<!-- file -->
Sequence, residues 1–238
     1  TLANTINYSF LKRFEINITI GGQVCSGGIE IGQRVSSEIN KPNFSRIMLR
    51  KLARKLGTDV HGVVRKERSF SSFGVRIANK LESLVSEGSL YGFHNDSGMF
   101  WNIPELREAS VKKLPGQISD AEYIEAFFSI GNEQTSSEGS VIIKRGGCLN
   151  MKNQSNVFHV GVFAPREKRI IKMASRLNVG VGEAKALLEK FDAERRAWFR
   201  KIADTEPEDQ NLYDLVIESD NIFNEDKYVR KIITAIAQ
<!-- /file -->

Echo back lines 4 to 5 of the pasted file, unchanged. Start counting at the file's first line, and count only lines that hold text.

   101  WNIPELREAS VKKLPGQISD AEYIEAFFSI GNEQTSSEGS VIIKRGGCLN
   151  MKNQSNVFHV GVFAPREKRI IKMASRLNVG VGEAKALLEK FDAERRAWFR